Obama 1, Romney 1

Republican presidential nominee Mitt Romney and and President Barack Obama answer a question during the second presidential debate at Hofstra University on Tuesday in Hempstead, N.Y.

Obama and Romney duke it out (courtesy of the Associated Press)

In the first presidential debate, Barack Obama seemed disinterested and lethargic. And there was little doubt that Republican candidate Mitt Romney was the clear winner. I’m a Democrat and Obama supporter, and even I thought Romney levelled the President the first time out.

Such was not the case in last night’s town hall debate.

This time around, President Obama was forceful, aggressive and more like the man we elected in 2008. He challenged Romney’s views on a host of different issues, pointed out discrepancies in his opponent’s rhetoric and supported his own record with more detailed explanations than he offered up in their first meeting.

There were even times when the candidates seemed they might drop the microphones and turn their verbal sparring into real fisticuffs.

Throughout the debate, Romney interrupted both Obama and the moderator, spoke much longer than he was allotted (which Obama also did to a lesser degree) and continued to repeat the same ideas over and over again.

If I have to hear Romney’s five-point plan again, I may become physically ill.

There were even times when Romney accused Obama of something, only to be shot down by the facts. A perfect example involved Obama’s initial response to the attack on the American embassy in Libya. According to Romney, Obama took two weeks to classify the attack as a terrorist act rather than a protest of the anti-Muslim film “The Innocence of Muslims.” Obama claimed that the day after Ambassador Stevens was murdered, he addressed the American people from the Rose Garden at the White House and referred to the attack as terrorism. Romney disagreed until the moderator confirmed that what Obama said was true.

The moderator also had to remind Romney repeatedly of the debate procedure. Mitt kept thinking it was his time to speak and that he could respond to everything Obama said. And every time Romney was reminded of the process, Obama simply sat back and patiently waited for his turn to speak.

Obama in the Rose Garden after the attack in Libya

Personally, I could not be happier with the President’s performance. Romney looked uncomfortable the entire evening, but Obama seemed perfectly at ease. When it was time to be aggressive and attack his opponent, he did so with verve and enthusiasm. When it was time to sit back and let Romney self-destruct, Obama patiently waited on the sidelines.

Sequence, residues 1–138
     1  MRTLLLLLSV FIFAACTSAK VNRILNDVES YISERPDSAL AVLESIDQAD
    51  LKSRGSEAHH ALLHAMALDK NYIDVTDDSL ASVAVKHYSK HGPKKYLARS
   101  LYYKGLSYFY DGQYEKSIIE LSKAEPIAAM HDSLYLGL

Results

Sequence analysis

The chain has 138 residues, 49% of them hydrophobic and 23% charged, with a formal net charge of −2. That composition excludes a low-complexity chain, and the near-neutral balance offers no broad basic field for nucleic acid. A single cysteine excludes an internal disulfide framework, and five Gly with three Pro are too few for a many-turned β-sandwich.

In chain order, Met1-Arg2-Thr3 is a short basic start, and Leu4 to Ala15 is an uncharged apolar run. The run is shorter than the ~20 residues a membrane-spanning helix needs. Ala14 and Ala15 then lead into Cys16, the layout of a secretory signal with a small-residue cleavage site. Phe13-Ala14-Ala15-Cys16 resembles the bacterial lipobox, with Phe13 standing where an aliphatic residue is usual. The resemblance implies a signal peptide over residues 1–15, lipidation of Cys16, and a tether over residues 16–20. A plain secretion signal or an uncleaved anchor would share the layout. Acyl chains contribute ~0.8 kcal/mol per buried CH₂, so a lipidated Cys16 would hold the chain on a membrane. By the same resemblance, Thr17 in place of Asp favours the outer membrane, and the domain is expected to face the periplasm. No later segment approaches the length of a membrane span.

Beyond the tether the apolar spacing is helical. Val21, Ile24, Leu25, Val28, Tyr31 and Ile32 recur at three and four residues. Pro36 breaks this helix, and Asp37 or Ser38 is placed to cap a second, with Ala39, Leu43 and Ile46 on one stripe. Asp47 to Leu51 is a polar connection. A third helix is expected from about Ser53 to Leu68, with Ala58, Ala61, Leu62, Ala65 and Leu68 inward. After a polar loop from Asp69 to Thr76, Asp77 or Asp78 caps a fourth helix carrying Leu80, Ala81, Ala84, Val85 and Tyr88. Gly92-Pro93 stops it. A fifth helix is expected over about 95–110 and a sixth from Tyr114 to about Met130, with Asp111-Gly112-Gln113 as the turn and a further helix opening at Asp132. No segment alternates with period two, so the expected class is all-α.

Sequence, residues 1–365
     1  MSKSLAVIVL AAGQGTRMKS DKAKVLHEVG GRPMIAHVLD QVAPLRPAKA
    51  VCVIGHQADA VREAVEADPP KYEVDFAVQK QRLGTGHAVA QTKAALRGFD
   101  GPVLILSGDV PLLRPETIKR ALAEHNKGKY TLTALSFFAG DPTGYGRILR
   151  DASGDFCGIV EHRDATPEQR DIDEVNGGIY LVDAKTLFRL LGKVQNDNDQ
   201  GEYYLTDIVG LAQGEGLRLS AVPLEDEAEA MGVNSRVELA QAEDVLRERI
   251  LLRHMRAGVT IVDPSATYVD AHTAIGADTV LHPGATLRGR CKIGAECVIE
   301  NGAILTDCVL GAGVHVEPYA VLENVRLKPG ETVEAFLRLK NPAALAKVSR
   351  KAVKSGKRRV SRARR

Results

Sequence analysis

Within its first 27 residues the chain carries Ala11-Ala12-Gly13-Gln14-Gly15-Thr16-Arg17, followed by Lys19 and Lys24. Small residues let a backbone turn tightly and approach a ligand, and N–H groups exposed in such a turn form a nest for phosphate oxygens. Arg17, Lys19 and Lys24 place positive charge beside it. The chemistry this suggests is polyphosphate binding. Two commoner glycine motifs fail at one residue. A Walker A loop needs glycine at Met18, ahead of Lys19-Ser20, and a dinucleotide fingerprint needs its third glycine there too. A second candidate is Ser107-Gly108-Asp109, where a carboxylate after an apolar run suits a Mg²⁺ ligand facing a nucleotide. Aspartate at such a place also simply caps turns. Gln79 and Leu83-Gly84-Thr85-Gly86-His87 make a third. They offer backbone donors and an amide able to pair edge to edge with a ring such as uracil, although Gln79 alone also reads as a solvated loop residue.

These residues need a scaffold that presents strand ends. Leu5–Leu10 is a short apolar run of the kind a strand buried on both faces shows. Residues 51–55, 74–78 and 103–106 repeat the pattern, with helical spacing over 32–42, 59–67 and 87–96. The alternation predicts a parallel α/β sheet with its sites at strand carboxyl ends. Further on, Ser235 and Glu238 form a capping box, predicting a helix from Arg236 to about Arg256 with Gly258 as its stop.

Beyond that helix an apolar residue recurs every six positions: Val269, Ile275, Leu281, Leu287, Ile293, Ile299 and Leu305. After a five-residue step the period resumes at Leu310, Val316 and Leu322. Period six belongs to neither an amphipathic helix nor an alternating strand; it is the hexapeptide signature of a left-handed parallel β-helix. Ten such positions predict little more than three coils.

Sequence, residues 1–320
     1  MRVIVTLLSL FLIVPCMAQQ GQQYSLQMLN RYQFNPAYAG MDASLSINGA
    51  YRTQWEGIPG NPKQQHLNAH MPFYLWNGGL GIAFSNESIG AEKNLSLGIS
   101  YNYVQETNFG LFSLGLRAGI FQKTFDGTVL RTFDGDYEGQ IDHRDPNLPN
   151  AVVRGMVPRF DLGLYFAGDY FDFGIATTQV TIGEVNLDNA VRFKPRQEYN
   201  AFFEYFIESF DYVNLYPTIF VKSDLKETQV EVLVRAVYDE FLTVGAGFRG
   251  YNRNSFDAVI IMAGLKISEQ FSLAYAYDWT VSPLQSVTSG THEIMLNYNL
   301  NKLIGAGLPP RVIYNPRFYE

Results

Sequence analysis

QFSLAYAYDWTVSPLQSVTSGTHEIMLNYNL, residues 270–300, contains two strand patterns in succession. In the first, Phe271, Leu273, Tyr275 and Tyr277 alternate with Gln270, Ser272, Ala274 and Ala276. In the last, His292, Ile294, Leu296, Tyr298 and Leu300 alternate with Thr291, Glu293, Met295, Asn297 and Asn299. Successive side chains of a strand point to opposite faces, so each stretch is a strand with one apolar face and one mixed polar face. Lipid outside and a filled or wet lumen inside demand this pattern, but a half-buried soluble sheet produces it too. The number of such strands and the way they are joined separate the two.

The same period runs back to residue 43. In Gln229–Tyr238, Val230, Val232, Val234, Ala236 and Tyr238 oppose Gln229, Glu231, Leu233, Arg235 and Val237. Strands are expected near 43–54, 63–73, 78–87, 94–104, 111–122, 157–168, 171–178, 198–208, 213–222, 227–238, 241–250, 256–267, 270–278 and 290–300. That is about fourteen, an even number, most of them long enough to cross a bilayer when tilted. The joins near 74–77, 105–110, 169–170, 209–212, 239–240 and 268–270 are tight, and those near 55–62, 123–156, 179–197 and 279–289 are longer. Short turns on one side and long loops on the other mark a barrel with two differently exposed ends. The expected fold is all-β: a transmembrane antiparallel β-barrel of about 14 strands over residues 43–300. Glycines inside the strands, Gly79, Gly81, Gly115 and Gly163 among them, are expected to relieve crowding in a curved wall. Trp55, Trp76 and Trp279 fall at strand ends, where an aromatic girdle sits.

Sure, Romney got some decent jabs in and won a few rounds, but Obama dominated the fight and came out on top. Republicans might disagree, but we all know the truth. In the same way I felt Romney won the first debate, I felt Obama won this one. And a lot of people seem to feel the same judging from some of the news stories I’ve read online today.

The final round of the debate battle is scheduled for Monday and will focus on foreign affairs, which should give Obama an edge. Granted, the unrest in the Middle East may cause him some difficulty, but at least he has solid foreign affairs experience. Romney, on the other hand, has almost nothing to his record beyond some media gaffes and a mistake-riddled trip abroad earlier this year. As long as Obama stays the course, he should come out on top again.

Regardless of what happens next week, one thing is for certain: the race to the White House is heating up and there is no telling who will be victorious. Polls will continue to fluctuate and political pundits will try to predict the outcome, but none of it will matter until a winner is crowned in November.

I only hope it’s Obama who crosses that finish line.

Posted on October 17, 2012, in Perspectives and tagged , , , , , , , , , . Bookmark the permalink. Leave a comment.

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